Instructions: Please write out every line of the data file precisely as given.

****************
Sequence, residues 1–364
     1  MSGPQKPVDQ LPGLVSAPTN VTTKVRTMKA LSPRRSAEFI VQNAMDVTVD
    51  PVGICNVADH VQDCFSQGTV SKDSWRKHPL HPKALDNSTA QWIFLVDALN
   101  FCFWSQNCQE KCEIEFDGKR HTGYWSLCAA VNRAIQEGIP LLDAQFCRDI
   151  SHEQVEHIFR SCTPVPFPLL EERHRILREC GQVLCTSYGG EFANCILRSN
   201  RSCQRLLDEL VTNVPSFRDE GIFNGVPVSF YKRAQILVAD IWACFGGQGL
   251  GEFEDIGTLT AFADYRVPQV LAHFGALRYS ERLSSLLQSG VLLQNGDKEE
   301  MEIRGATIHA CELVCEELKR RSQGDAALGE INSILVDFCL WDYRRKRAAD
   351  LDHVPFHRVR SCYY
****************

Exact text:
Sequence, residues 1–364
     1  MSGPQKPVDQ LPGLVSAPTN VTTKVRTMKA LSPRRSAEFI VQNAMDVTVD
    51  PVGICNVADH VQDCFSQGTV SKDSWRKHPL HPKALDNSTA QWIFLVDALN
   101  FCFWSQNCQE KCEIEFDGKR HTGYWSLCAA VNRAIQEGIP LLDAQFCRDI
   151  SHEQVEHIFR SCTPVPFPLL EERHRILREC GQVLCTSYGG EFANCILRSN
   201  RSCQRLLDEL VTNVPSFRDE GIFNGVPVSF YKRAQILVAD IWACFGGQGL
   251  GEFEDIGTLT AFADYRVPQV LAHFGALRYS ERLSSLLQSG VLLQNGDKEE
   301  MEIRGATIHA CELVCEELKR RSQGDAALGE INSILVDFCL WDYRRKRAAD
   351  LDHVPFHRVR SCYY